Forest Park was the location of Forest Park Amusement Park, a small but popular amusement park at the end of the train lines, from 1907 to 1922. Unfortunately there was a spectacular fire which all but decimated the park, and it never reopened. Its former location is now occupied by the Forest Park station on CTA's Blue Line at Desplaines Avenue. From 1927 to 1928, Forest Park had a radio station called WNBA, with its studios near Des Plaines and Roosevelt Road.
In 2007, the town held a summer-long centennial celebration. Forest Park has also held two other centennial celebrations, one in 1956 for when the first settlers came and one in 1984 for the 100th anniversary of the creation of the town of Harlem.
Postcard views of the amusement park
Women's professional baseball/softball has roots in Forest Park. Emery Parichy purchased the Boston Bloomer Girls softball team in the early 1930s, renamed them Emery Parichy's Bloomer Girls, and moved them to Forest Park. The team operated in the suburb until 1955, when the land their softball field was on was taken for the Eisenhower Expressway.
For most of its history, Forest Park was home for the 25 year-old professional (non-equity) theater company, Circle Theatre, which now resides across Harlem Avenue in neighboring Oak Park. Hedy Weiss of the Chicago Sun-Times writes: "One of the most consistently satisfying theatrical operations in the area ...everything from classics to new American plays ...theatre at its very best." Circle Theatre has produced over 175 productions and received over 80 Joseph Jefferson (JEFF) nominations and won over 30 Jeff Awards. Notable visits from famous playwrights have included Marvin Hamlisch, Rupert Holmes, Douglas Post, Michael John LaChiusa, Stephen Clark and Rebecca Gilman. Rebecca Gilman had her first play produced at Circle Theatre before becoming one of America's leading playwrights. Notable supporters have included Harry Connick, Jr. and Russell Crowe.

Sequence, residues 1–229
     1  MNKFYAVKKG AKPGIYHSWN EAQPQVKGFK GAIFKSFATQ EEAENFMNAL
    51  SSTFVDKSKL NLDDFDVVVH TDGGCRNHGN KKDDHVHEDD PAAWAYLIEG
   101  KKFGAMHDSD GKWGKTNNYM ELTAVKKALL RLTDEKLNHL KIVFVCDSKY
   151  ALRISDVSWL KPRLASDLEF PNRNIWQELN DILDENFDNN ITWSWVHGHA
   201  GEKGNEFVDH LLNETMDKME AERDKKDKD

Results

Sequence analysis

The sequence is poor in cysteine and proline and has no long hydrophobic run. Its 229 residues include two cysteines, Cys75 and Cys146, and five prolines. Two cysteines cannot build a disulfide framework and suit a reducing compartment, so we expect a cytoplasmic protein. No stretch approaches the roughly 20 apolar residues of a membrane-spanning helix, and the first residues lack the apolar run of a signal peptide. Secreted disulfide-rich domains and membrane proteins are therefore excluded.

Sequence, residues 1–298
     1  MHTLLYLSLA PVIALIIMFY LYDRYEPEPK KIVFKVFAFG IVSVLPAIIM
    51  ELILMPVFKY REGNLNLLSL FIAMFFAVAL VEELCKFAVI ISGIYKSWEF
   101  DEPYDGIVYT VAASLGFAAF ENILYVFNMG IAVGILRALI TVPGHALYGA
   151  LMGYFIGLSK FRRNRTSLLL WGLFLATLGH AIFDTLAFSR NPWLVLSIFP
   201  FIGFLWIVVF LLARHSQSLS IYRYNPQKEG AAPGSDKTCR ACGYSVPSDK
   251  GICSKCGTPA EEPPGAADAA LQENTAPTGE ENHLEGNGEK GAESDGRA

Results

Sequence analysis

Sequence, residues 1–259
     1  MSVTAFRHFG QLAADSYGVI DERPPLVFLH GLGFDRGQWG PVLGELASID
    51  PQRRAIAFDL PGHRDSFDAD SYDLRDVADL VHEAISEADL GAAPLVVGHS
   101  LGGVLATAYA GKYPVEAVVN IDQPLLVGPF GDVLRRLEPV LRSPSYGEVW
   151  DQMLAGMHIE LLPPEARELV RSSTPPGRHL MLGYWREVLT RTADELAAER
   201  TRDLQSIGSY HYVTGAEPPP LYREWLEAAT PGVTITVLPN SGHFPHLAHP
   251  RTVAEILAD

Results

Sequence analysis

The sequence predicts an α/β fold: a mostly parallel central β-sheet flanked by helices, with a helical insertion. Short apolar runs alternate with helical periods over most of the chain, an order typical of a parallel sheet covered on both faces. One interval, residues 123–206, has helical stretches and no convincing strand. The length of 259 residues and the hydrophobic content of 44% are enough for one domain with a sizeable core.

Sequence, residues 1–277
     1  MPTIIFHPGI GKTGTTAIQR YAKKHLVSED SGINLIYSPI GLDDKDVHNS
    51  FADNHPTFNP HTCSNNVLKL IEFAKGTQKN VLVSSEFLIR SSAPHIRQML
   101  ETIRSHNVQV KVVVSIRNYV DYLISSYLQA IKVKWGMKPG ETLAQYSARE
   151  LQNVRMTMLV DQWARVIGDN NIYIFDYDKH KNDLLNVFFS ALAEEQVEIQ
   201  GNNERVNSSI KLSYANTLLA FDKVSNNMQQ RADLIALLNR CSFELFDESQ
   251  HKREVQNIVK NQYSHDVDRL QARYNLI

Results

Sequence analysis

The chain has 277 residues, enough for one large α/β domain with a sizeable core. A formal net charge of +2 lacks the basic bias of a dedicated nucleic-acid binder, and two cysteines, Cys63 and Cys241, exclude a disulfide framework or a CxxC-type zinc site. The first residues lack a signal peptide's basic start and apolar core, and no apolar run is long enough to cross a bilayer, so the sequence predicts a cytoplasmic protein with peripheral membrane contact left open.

|This section requires expansion. (February 2014)|
The elementary school district operates four elementary schools and Forest Park Middle School.
The Forest Park Public Library is located at 7555 Jackson Boulevard. The current library building opened on October 8, 1995. It covers 26,400 square feet (2,450 m2) over two levels and is completely accessible in compliance with the Americans with Disabilities Act. It is spacious and comfortable, with more seating and study areas, along with a meeting room, a youth activity room and computer room. The total cost of the building was projected to be $3,295,000, including construction, site improvements, furnishings, computer and security systems, professional and financing costs and contingencies. The funding comes from the Imber Fund, now grown to $900,000, a State of Illinois Construction Grant of $250,000, General Obligation Bonds for $2.9 million and interest income.
- Warren Brown, sports journalist, coined nicknames for Red Grange and Babe Ruth, Baseball Hall of Fame member